The re-edition piece, like many other of Seiko’s vintage homages, is largely faithful to the design of the original with a few modern changes. With the gilt and white accenting, the sharp monobloc case construction, and the dial configuration, the brand clearly resolved to keep the limited-edition model connected to the design codes of the historical model. Even some smaller details, like the unique seconds hand— which in my two or three times coming into contact with the 1968 model I never noticed— was executed down to its last dot.
I suppose in models like these, that are designed to be so true to their history, the many similarities become less important and the few changes become the topic of discussion. While I don’t have the exact dimensions of the original, I will tentatively say the contemporary model appears slightly beefier in its design — an observation further supported by the brand’s statement that while the original was intended for air diving (shorter periods of diving that tend to be closer to the surface with less pressure), the new model is designed for saturation diving (longer periods of diving, likely to be deeper in the ocean with increased pressure). As a result, the dial seems significantly more sunken within the bezel and farther from the curved sapphire crystal protecting it. The new model also has plenty of the regularly expected adjustments: a high-quality and modern Zaratsu-style finishing on the case (a classically Japanese technique thathas become a hallmark of the brand), a contemporary movement (though still Hi-Beat), a slightly cleaner dial with modern luminescence, and a stronger silicone strap to better secure it to the wrist at some of deepest reachable diving depths.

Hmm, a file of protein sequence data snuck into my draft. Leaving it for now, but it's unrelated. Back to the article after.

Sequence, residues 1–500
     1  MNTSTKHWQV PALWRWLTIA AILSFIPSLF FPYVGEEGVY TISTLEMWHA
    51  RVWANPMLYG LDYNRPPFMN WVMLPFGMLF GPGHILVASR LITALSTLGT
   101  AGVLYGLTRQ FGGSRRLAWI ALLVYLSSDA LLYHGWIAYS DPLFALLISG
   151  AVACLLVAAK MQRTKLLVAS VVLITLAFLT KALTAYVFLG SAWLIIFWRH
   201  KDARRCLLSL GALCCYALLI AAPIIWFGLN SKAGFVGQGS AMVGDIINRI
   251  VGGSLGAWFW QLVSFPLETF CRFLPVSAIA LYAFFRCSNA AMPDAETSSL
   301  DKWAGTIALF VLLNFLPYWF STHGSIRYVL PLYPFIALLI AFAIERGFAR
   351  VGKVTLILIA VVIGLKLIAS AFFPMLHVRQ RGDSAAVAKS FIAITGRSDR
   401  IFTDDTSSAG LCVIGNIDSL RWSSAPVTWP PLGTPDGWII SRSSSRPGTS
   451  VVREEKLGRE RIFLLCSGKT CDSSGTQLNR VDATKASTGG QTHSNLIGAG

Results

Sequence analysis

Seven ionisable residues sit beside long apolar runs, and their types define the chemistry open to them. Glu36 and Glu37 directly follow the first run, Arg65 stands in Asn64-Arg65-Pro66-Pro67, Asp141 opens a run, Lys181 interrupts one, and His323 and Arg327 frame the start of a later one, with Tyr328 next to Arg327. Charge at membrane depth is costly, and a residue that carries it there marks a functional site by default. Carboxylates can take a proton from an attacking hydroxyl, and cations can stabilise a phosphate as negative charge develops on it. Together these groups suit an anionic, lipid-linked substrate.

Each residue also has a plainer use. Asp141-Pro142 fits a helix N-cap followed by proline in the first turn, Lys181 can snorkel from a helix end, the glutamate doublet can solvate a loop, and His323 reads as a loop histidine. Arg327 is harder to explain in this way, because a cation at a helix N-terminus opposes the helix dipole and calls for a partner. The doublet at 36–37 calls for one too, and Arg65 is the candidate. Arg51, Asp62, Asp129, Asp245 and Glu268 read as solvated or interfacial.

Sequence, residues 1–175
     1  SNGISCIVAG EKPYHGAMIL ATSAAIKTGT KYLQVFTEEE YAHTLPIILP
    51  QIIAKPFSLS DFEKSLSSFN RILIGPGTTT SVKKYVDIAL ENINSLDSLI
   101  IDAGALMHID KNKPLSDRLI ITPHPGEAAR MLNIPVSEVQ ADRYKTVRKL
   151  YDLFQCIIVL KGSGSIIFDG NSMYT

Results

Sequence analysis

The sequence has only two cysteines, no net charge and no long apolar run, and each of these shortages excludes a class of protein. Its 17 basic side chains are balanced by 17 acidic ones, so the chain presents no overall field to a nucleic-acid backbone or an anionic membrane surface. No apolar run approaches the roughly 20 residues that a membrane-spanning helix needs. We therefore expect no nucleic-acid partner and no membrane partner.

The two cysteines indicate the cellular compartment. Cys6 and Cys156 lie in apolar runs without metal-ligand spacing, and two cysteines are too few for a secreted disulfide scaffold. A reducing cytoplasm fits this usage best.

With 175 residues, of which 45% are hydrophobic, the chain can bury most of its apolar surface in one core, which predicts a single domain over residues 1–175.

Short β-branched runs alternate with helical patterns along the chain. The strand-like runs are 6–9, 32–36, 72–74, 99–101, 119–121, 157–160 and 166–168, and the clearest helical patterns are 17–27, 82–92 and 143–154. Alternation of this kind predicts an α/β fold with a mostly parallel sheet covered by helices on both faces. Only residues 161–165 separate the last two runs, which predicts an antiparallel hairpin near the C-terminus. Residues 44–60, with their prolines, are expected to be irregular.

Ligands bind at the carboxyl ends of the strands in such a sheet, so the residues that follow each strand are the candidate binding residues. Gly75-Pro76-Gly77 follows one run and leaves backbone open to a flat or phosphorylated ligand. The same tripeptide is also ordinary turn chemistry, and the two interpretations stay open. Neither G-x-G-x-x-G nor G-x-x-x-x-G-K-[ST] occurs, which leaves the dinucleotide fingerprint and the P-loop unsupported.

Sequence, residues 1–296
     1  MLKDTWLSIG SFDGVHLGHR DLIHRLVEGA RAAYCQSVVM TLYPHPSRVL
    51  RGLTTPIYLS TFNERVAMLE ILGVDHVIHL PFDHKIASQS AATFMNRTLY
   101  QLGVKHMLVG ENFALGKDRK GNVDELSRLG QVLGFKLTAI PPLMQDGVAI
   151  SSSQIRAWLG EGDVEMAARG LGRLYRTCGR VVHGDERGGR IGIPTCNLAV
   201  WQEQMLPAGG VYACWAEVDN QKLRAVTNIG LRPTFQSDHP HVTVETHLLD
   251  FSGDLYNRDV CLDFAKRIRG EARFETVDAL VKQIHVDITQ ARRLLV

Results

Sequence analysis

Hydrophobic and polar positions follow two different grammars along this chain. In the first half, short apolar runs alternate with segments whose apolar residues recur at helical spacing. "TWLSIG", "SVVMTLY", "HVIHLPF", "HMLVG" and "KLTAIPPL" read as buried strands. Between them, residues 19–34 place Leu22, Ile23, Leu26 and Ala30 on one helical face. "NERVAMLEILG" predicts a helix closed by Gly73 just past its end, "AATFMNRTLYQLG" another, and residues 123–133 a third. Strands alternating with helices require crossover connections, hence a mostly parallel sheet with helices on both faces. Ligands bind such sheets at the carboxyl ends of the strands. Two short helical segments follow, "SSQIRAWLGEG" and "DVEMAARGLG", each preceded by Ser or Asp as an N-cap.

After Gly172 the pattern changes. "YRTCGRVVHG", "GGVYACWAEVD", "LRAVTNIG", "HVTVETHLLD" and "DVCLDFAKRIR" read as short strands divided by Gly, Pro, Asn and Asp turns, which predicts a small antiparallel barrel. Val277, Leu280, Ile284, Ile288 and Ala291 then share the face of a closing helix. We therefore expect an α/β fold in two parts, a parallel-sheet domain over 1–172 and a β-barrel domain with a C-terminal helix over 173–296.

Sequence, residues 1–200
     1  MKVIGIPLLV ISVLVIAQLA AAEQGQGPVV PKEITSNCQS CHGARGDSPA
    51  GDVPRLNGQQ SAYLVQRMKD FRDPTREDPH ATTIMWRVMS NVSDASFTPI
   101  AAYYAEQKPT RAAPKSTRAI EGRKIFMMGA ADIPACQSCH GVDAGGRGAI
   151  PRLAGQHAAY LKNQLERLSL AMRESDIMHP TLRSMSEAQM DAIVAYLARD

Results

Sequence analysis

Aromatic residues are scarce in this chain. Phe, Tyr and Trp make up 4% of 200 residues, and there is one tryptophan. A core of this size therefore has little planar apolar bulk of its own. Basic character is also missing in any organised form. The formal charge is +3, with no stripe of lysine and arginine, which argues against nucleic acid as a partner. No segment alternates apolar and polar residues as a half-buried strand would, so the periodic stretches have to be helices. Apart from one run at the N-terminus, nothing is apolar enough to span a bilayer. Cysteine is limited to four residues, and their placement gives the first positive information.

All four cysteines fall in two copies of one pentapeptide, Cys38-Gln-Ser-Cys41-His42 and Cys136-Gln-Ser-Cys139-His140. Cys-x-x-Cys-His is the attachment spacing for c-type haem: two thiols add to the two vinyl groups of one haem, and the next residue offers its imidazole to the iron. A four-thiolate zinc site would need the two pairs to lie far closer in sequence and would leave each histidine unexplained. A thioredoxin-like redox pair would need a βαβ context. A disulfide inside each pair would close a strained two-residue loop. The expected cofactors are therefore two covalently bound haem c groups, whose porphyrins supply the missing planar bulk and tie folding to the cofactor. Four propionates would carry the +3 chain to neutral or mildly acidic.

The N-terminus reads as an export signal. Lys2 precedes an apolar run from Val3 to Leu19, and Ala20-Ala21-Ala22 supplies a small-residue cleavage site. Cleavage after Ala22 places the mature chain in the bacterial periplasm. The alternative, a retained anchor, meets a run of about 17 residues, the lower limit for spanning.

If the biggest critique of last year’s model was its price, then that criticism is likely to stand for the SLA025. Arguably, however, the 1968 re-creation is the more significant and appealing piece, and Seiko seems to acknowledge this by limiting its production to 1,500 models (compared to its predecessor’s 2,000), and bringing its price up to $5,400 (the SLA017 was $3,400, though the SLA025’s more complex technology and relative exclusivity may have also affected the price). Regardless of the cost, the watch will likely appeal to the most ardent of Seiko collectors and is unlikely to remain on the market for very long. Like past Seiko models, it executes its homage well, and subtly boosts the design into a new level of luxury unseen in its vintage and more utilitarian days.
For the most recent article in the “Vintage Eye” series, in which we discuss the Maen Hudson Automatic and its historical inspirations, click here.
Caleb Anderson is a freelance writer with a primary focus on vintage watches. Since first discovering horology, he has garnered extensive knowledge in the field and spends much of his time sharing his opinions among other writers, collectors, and dealers. Currently located near New York City, he is a persistent student in all things historical, a writer on many topics, and a casual runner.